Helen Prejean

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Helen Prejean
HelenPrejean.jpg
Born (1939-04-21) April 21, 1939 (age 78)
Baton Rouge, Louisiana, U.S.A
Residence New Orleans, Louisiana, U.S.A
Occupation Roman Catholic nun, spiritual adviser, author, anti-death penalty activist

Helen Prejean, C.S.J. (born April 21, 1939, in Baton Rouge, Louisiana) is a Roman Catholic nun, a member of the Congregation of St. Joseph based in New Orleans, and a leading American advocate for the abolition of the death penalty.

Sr. Prejean has founded the groups SURVIVE, to help families of victims of murder and related crimes. She served as the National Chairperson of the National Coalition to Abolish the Death Penalty from 1993 to 1995. She helped establish The Moratorium Campaign, seeking an end to executions and conducting education on the death penalty.

She is known for her best-selling book, Dead Man Walking (1993), based on her experiences with two convicts on Death Row for whom she served as spiritual adviser before their executions. In her book, she explored the effects of the death penalty on everyone involved. The book was adapted as a 1995 movie of the same name, starring Susan Sarandon and Sean Penn. It was also adapted as an opera, first produced in 2000 by the San Francisco Opera.

Early life and education

Helen Prejean was born in Baton Rouge, Louisiana, the daughter of Augusta Mae (née Bourg; 1911–1993), a nurse, and Louis Sebastian Prejean (1893–1974), a lawyer.[1] She joined the Sisters of Saint Joseph of Medaille in 1957.

In 1962, she received a Bachelor of Arts in English and Education from St. Mary’s Dominican College, New Orleans, Louisiana. In 1973, she earned a Master of Arts in religious education from Saint Paul University in Ottawa, Canada. She has been the Religious Education Director at St. Frances Cabrini Parish in New Orleans, the Formation Director for her religious community, and has taught junior and senior high school.[2]

Death row ministry

Her efforts began in New Orleans, Louisiana, in 1981. In 1982 an acquaintance asked her to correspond with convicted murderer Elmo Patrick Sonnier, held on Death Row in the Louisiana State Penitentiary, known as Angola.[3] Sonnier had been sentenced to death by electrocution. She visited Sonnier in prison and agreed to be his spiritual adviser in the months leading up to his execution. The experience gave Prejean greater insight into the process involved in executions, for the convict, families, and others in the prison, and she began speaking out against capital punishment. At the same time, she founded Survive, an organization devoted to counseling the families of victims of violence.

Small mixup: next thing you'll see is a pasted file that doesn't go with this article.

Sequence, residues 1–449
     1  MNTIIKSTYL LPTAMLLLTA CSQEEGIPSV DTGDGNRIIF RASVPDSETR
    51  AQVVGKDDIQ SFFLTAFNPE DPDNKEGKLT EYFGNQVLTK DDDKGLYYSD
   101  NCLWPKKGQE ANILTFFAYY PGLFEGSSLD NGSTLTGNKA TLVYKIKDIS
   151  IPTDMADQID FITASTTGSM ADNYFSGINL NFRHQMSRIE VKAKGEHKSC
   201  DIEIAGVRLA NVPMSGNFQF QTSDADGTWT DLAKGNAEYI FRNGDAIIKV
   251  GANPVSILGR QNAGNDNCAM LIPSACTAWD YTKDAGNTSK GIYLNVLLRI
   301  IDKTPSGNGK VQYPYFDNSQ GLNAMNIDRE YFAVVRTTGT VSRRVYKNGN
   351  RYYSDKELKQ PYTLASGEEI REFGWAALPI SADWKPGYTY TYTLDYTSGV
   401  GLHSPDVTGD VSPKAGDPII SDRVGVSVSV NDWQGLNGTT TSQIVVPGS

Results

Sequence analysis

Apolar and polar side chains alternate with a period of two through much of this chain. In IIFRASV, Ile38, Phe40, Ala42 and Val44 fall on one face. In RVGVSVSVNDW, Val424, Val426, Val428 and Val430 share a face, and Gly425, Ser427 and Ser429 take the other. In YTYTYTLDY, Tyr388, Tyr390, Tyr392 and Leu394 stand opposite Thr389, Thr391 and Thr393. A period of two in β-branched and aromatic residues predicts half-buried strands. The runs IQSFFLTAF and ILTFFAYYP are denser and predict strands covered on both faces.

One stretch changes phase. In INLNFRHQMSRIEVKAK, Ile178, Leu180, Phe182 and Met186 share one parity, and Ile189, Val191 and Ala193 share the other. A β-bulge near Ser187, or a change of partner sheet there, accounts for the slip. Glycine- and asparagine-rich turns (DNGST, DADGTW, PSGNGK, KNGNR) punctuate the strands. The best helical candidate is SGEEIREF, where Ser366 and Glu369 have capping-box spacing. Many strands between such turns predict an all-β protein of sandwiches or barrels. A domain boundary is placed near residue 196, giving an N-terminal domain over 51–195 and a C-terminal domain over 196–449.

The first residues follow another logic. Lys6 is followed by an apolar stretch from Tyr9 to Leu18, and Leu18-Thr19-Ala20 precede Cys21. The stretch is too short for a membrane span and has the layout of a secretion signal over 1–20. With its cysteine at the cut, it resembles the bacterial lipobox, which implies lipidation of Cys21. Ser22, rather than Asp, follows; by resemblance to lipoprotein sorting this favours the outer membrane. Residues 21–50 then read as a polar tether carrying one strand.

Prejean has since ministered to other inmates on Death Row and witnessed several more executions. She served as National Chairperson of the National Coalition to Abolish the Death Penalty from 1993 to 1995.

Louisiana State Penitentiary, where Sonnier was incarcerated.

Dead Man Walking

She published Dead Man Walking (1993), an account of her relationship with Sonnier and other inmates on death row, and the factors related to her growing opposition to the death penalty. The book was adapted for a 1995 feature film of the same name; she was portrayed by Susan Sarandon.

Her book was also adapted as an opera, first produced in 2000; and as a play.

For her book, she drew from her experiences with Sonnier and with the convict Robert Lee Willie. He had been sentenced to death after being convicted of kidnapping, rape and murder in two attacks in May 1980. Sister Prejean also explored the effects of maintaining the death penalty on attorneys, prison guards, other prison officials, and the families of both convicted murderers and their victims. Prejean has worked with other men sentenced to death since then.

In December 2010, Prejean donated all of her archival papers to DePaul University.[4][5]

Campaigns, book, and awards